One of the beauties of Dubai is its tax-free nature. Unfortunately, some of us still have to file a tax return in our home countries. I’m lucky and only have to submit a “mini” tax return. The supporting documents, receipts and forms are already available and kept in one folder. It shouldn’t take my accountant too long to complete it. It’s not always this easy to get ready for tax season.
I’ve had my years where I scrapped for the receipts to get the most out of the different allowances and deductions. The stress of knowing that I had it but couldn’t find it drove me nuts. Until I changed to a system of collecting and sorting tax-relevant documents throughout the year, tax season always had a reputation. Please note this is not tax advice, just general information: Here are my tips to make tax season easier for you:
- Use a checklist kindly published by Smead or a similar one for your home country. As we’ve such a base of expats in Dubai and the region, you may want to check with the tax authority in your home country. They’ll advise you of the specific requirements for your unique situation. Review which sections of these checklists are applicable for you.
- If you are not comfortable completing the tax return documents yourself, consider tax preparation software or engaging a tax accountant or consultant. Software packages have expanded and now also cover expat filing. A tax accountant or consultant can answer any of your questions and may be more appropriate if you have a complex tax return.
- Find out the deadline for submitting her your tax return. Decide when you want to hand in your tax documents. In case there’ll be an issue with their website, don’t wait until the last day (or the day before). The same applies when working with a tax accountant who’ll prepare the tax return for you. Remember it’s their busiest period of the year and you won’t be their only client.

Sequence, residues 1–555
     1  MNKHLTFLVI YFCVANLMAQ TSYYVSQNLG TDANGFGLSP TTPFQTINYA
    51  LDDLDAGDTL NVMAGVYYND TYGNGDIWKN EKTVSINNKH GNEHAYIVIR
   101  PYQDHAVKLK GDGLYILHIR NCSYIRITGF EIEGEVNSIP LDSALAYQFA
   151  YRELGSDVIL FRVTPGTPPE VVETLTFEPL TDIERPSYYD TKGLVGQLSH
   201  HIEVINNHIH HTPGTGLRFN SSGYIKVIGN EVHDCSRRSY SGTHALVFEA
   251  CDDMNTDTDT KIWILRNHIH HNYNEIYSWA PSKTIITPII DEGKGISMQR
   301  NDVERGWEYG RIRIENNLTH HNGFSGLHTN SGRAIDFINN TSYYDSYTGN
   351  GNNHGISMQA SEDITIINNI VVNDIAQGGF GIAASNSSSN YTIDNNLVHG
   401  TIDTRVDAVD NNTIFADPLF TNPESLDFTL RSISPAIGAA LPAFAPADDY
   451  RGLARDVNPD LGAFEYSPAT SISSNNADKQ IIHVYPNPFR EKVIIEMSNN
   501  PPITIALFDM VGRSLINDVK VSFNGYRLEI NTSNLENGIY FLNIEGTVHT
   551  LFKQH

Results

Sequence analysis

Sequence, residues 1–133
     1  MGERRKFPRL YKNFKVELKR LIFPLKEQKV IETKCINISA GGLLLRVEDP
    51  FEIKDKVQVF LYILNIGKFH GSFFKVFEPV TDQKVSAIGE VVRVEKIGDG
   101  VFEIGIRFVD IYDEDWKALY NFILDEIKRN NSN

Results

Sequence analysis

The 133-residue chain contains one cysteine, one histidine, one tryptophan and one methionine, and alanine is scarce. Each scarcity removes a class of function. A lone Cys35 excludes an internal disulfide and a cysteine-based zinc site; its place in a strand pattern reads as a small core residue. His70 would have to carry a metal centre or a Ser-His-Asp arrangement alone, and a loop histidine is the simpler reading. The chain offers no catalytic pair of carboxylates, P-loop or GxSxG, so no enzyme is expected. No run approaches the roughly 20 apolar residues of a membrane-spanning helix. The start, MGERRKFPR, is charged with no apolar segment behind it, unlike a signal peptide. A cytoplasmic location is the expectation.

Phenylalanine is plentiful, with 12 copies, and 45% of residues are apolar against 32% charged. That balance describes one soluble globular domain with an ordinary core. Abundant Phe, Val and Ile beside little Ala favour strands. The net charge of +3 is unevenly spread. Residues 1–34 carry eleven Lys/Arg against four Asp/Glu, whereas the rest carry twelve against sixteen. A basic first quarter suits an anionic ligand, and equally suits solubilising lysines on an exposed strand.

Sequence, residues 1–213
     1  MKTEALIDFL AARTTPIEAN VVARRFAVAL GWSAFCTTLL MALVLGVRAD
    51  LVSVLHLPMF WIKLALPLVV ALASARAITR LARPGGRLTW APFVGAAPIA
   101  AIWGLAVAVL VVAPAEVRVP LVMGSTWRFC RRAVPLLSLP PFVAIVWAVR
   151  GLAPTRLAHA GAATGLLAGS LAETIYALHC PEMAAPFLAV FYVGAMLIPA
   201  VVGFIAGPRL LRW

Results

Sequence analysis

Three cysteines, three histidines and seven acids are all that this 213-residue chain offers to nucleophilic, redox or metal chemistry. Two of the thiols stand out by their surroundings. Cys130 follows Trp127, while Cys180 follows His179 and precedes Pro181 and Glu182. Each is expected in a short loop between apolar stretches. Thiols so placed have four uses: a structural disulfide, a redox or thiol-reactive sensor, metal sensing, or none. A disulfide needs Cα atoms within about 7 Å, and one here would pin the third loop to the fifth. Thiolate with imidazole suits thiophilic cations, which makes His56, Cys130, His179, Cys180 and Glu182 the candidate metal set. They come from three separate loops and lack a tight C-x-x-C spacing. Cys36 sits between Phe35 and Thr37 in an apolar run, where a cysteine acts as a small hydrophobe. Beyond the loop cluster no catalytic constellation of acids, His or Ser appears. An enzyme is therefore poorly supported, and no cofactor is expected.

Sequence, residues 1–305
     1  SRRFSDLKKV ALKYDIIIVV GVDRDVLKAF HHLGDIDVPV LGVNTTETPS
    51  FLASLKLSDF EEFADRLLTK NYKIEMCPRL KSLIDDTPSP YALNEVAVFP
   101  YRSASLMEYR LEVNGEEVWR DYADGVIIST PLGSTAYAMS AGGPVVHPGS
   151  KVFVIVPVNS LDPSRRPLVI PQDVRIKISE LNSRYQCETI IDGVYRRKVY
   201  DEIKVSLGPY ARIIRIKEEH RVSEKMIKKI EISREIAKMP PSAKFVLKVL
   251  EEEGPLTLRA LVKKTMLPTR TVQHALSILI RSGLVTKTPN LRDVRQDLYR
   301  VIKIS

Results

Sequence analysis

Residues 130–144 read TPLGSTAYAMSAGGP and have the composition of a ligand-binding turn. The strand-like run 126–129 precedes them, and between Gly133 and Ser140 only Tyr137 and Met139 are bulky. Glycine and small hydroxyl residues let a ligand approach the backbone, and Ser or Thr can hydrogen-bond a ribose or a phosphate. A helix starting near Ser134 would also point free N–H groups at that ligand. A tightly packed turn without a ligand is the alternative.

- Set a timer (e.g. one hour) and start gathering your tax documents. Be intentional during this period. Turn your phone on silent and reduce other distractions. Put all tax documents in one place. If you didn’t find all receipts or certificates, schedule another session until you have everything you need for your checklist of required documents.
- Next, sort these documents by category. You generally have 2 types of categories which will be subdivided: 1) Income and 2) Expenses.
Examples of income are your salary, if you’re employed, benefits, rent from your property or dividends and interest from your investments.
Expenses could be mortgage, educational expenses, medical savings account contributions, depreciation of office equipment, insurances or charitable donations, for example.
- As a general note, keep all tax-relevant documents or their electronic versions (e.g. an external hard drive or memory stick) in a fire resistant safety box. You should also keep other important documents like passport, birth certificate and insurance documents in there.
- Make use of last year’s tax return if you’re stuck entering some data or want to verify previous numbers.
- Before you throw out any old tax documents, check the retention policy in your country. Your tax authority or your accountant can help you answer this question. Once the document is no longer needed, don’t just throw it in the bin. Shred it! You don’t want others to get access to your confident and personal data.
- For the next tax season, start collecting and organising documents as they come in. Choose a binder, a hanging folder or a box to store them. You can divide it either in 12 sections for each month or categories according to the tax deductions. Whatever system works for you, make sure you just have 1 system. Don’t overcomplicate it.
- Keep a zip lock bag and a pen in your car. Every time you’ve made a purchase or meet a client, write down the specifics, put it in the bag and at the end of the month, move it into your preferred storage binder, hanging folder or box, chosen in the previous step. It will make it easier for the next tax return.
Is the thought of this year’s tax season making you cringe? Are you feeling overwhelmed and frustrated by organising your tax documents? If so, contact me to find out how I can take out the stress of organising your documents and make it a smooth tax season 2016 for you.
Until next time,